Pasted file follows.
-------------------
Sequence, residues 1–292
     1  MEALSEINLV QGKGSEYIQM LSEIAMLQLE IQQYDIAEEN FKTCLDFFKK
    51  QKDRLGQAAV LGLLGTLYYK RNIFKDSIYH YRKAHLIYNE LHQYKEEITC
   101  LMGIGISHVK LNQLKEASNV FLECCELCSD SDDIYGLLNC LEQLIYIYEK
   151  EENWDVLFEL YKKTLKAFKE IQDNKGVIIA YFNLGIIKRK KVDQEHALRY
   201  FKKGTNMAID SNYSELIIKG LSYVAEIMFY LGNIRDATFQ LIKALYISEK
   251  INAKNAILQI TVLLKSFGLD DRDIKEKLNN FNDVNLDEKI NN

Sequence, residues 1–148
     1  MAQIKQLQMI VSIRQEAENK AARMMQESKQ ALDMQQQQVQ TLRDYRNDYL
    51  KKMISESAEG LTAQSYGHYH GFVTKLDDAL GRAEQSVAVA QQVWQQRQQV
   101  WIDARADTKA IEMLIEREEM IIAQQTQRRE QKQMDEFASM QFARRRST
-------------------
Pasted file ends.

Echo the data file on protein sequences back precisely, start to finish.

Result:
Sequence, residues 1–292
     1  MEALSEINLV QGKGSEYIQM LSEIAMLQLE IQQYDIAEEN FKTCLDFFKK
    51  QKDRLGQAAV LGLLGTLYYK RNIFKDSIYH YRKAHLIYNE LHQYKEEITC
   101  LMGIGISHVK LNQLKEASNV FLECCELCSD SDDIYGLLNC LEQLIYIYEK
   151  EENWDVLFEL YKKTLKAFKE IQDNKGVIIA YFNLGIIKRK KVDQEHALRY
   201  FKKGTNMAID SNYSELIIKG LSYVAEIMFY LGNIRDATFQ LIKALYISEK
   251  INAKNAILQI TVLLKSFGLD DRDIKEKLNN FNDVNLDEKI NN

Sequence, residues 1–148
     1  MAQIKQLQMI VSIRQEAENK AARMMQESKQ ALDMQQQQVQ TLRDYRNDYL
    51  KKMISESAEG LTAQSYGHYH GFVTKLDDAL GRAEQSVAVA QQVWQQRQQV
   101  WIDARADTKA IEMLIEREEM IIAQQTQRRE QKQMDEFASM QFARRRST